A neat fact about language is that the meaning of a word can evolve. My favorite example in this regard is the word “bad”. As every native speaker of English knows, there is the negative sense of the word “bad” and there is the complimentary sense of the word “bad”. If I say to my best friend “I love you, man. You are so bad,” there can be no doubt about it: I am complimenting my friend.
I have no idea how the word “bad” came to have a very positive sense. But there can be no doubt about the fact that it does.
Now, one day the term “racism” may be such that when one says something like “There is a surprising amount of racism taking place at so-and-so institution,” one has to ask for clarification. Is ethnic group Alpha being racist towards ethnic group Beta? Or, is that ethnic group Gamma is being racist towards ethnic group Beta? And so on. But at this point in the history of the United States, we do not need that sort of clarification when a person says that racism has occurred. Hopefully, we will get there. But we are not there yet. Racism is typically understood to be about whites towards blacks. Indeed, there are blacks who (wrongly) insist that blacks cannot be racist.
So when Barack Obama claimed that racism is still in our DNA, there is no reason whatsoever to suppose that he is simply making the general claim that there are human beings of every ethnicity who succumb to racist behavior. No, there is every reason to believe that what he meant is that racism is still a part of the very character of whites generally with respect to blacks. And Obama is way too smart to not have supposed that his words would be thus understood.
And it is precisely that understanding of Obama’s words that I found most despicable, especially in light of the extraordinary support that the whites of Charleston (South Carolina) gave to blacks after the killing by Dylan Roof of 9 black members of the AME Church. To make such a claim about whites in the face of such an extraordinary show of support by blacks by whites bespeaks a despicable degree of moral callousness on Obama’s part. 100 years ago, such support by whites in the face of the wrongful mistreatment of blacks would have been entirely unthinkable. Whatever else is true, there has been considerable moral progress. And not to acknowledge that progress reflects a horrendous degree of moral callousness on Obama’s part.
Even if—as someone claimed—Obama was talking about the capacity for racism on the party of all human beings, it is nonetheless the case that he should have acknowledged the considerable moral good that was being displayed by whites with regard to the killing of the 9 blacks of the AME Church that occurred. His failure to do so is absolutely inexcusable. If 10 very capable swimmers stand by and watched folks drown, but one person jumped into the water and, at great risk to herself or himself, saved the life of three people, surely the moral good that the one person did should be tremendously acknowledged whatever else folks goes on to say about those who stood by and watched folks drown.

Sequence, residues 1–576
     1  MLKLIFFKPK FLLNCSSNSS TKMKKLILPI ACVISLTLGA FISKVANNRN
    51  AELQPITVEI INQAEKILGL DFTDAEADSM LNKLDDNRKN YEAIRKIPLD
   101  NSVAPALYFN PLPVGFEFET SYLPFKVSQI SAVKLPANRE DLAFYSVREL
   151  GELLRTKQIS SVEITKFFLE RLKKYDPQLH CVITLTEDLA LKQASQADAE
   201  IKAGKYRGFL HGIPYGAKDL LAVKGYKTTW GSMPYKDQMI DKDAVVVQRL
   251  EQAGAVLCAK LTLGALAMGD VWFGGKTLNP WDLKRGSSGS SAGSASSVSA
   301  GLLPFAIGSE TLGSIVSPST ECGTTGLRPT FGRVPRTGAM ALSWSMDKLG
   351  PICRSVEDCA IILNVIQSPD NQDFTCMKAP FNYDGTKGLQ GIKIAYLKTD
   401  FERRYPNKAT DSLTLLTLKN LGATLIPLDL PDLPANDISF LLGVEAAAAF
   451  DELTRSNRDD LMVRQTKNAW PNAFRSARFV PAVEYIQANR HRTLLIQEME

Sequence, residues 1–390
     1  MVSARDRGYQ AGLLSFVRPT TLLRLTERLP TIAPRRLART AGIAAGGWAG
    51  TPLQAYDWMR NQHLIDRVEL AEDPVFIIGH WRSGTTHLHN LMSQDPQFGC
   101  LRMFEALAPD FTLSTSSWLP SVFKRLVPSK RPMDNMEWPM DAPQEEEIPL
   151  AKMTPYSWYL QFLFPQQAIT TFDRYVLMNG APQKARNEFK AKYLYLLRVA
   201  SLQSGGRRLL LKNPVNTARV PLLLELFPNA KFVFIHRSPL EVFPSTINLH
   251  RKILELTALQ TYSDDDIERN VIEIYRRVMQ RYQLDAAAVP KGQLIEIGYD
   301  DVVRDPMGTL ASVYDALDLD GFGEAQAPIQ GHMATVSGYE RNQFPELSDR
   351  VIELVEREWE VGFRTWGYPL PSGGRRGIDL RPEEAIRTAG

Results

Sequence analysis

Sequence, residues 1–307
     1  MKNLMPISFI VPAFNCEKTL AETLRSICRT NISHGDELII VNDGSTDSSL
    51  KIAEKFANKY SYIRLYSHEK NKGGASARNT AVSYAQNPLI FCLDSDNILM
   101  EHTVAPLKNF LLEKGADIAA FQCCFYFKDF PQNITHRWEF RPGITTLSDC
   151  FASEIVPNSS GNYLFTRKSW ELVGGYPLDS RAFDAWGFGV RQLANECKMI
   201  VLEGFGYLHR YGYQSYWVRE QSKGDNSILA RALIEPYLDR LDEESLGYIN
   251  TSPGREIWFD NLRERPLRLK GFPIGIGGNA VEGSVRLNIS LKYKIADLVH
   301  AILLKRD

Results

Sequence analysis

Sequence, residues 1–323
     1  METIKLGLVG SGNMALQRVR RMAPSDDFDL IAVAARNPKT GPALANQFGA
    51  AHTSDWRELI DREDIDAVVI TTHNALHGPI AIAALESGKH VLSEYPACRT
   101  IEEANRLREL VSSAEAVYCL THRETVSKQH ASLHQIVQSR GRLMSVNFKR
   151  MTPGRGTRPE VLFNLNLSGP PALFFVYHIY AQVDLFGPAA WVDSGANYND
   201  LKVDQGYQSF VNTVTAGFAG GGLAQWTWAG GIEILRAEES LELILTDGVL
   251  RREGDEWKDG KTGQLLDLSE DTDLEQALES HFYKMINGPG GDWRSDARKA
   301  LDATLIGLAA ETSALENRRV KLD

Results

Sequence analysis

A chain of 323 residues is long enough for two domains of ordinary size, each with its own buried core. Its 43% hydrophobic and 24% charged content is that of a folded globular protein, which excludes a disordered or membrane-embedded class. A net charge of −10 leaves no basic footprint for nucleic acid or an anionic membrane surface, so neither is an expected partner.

To conclude, I am reminded of a marvelous remark that was made in the novel The Color Purple. It is said that a good listener listens not only to what a person says but also to what a person does not say. For instance, a very clear sign that a person is modest in terms of having considerable economic means is that the individual says virtually nothing about having the means to buy all sorts of expensive gadgets. Likewise, a scholar is modest when she or he says very little, if anything, about her considerable professional standing. For example, the late-John Rawls was a tremendously modest person. One could say next to him day after day after day and not hear him say a word about being the author of one of the most important books in contemporary moral and political philosophy ever to be written, namely A Theory of Justice.
And that is well worth acknowledging even if there is still progress to be made. Imagine that a foreign student wrote an absolutely brilliant essay on moral responsibility. However, there lots of grammatical errors in the paper. Of course, I should help the student to overcome her or his grammatical shortcomings with English. But clearly, my doing so should very much be in the shadow of my conveying to the student the tremendous excellence of the argument of her or his essay. This point holds mutatis mutandis with respect to Obama and the matter of racism, given the truly majestic response on the part of whites in Charleston (South Carolina) to the evil committed by Dylan Roof.
© 2015 Laurence Thomas